High-End Metal Roofing Materials

Other forms of metal roofing are also available, but can be very expensive. They provide stunning roofs on high-end homes.[GARD align=”left”]

Copper metal roofing, rooted in centuries of use, will not rust, has no “finish” to scratch or peel, is soft enough to easily tool, and weathers naturally to a beautiful verdigris patina. Unfortunately, it’s extremely expensive.

Alloy roofing products are formulated for strength, graceful weathering, and durability. Cost depends on the specific material, but, as a group, they are pricey.

Stainless-steel roofing, a very expensive roofing material, won’t rust or corrode. Terne coating can give it a natural matte-gray finish.

NEXT SEE:

• Metal Roofing Buying Guide
Pros & Cons of Metal Roofing
• Metal Roofing Repairs
• How to Hire a Metal Roofing Contractor

Featured Resource: Get a Pre-Screened Local Metal Roofing Contractor

Call for free estimates from local pros now:
[telnumlink] 1-866-342-3263[/telnumlink]

 

Pros & Cons of Metal Roofing

This is an unbiased, expert look at the benefits and drawbacks of steel and other metal roofing materials.
[GARD align=”left”]

Metal roofing is great in snow country because it is fire resistant, lightweight, and excellent at shedding snow.

[/media-credit] Metal roofing is great in snow country because it is fire resistant, lightweight, and excellent at shedding snow. The panels are applied over dense foam insulation to maintain high R-values. Dark surfaces warm in the sun to aid in quickly melting snow.

If you are considering buying metal roofing for your home, it’s important to weigh the pros and cons of metal against other more common roof materials, such as asphalt, wood, and tile. Here is a close look at some of the benefits and drawbacks of steel, aluminum, and other metal roofing.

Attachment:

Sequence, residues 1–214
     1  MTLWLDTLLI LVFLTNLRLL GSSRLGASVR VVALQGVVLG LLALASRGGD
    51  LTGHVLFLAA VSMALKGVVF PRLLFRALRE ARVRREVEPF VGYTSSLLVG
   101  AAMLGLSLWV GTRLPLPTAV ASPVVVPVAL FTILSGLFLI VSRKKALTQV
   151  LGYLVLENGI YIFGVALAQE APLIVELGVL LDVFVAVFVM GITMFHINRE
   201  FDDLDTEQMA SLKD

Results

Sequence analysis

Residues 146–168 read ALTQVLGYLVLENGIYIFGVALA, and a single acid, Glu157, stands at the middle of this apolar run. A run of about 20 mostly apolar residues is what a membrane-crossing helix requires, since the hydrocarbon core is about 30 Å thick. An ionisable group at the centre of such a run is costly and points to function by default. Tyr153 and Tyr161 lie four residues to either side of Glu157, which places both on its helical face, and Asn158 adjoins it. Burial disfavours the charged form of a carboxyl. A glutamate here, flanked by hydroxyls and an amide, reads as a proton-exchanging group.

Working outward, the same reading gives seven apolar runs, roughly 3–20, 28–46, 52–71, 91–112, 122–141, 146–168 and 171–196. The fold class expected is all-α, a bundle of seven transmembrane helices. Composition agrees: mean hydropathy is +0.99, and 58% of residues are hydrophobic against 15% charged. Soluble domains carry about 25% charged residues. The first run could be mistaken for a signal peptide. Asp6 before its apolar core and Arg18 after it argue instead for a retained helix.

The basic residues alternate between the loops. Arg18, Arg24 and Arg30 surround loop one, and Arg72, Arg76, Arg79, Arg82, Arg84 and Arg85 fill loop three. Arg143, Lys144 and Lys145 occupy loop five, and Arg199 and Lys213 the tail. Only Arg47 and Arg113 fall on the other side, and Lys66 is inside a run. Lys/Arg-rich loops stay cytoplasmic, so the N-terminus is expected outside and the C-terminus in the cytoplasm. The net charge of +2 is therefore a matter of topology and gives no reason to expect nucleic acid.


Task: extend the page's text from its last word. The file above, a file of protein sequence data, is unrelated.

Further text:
standing seam sheet metal roofing roofing

Standing seam metal roof caps this vacation home, providing durable, lightweight, fire-resistant protection. Photo: David Vandervort Architects

Metal Roofing Benefits

Metal beats out conventional roofing materials on a number of different counts:

Expected life. Properly installed, a metal roof should last as long as the house, sealing out water, surviving high winds, and easily shedding snow. Metal is resistant to fire, mildew, insects, and rot. Warranties vary widely, but most companies back their products for 20 to 50 years. Paint finishes typically have a 30-year limited warranty.

Weight. Compared with tile at 750 pounds per square (an area equal to 100 square feet) or concrete tile at 900 pounds per square, metal roofing is lightweight. Most varieties run from 50 to 150 pounds per square.

sheet metal roofing benefits

Sheet-metal roofing is lightweight, fire-resistant, quick to install, and great at shedding water and snow.

Some types of metal roofing materials may be applied over an existing roof without the need for tear-off or additional structural support. In fact, if you’re building a house or an addition, you can often downsize or reduce the number of roof support members.

Speed & ease of roofing installation. Most metal roofing materials come in multiple-shingle sections or in 12- to 36-inch-wide panels. An accomplished contractor can install these quickly. If your roof is stripped off and a storm is on the way, shortening the process by a day or two may prove to be a critical advantage.  Because of the material’s light weight, you can save on engineering and building the supporting structure.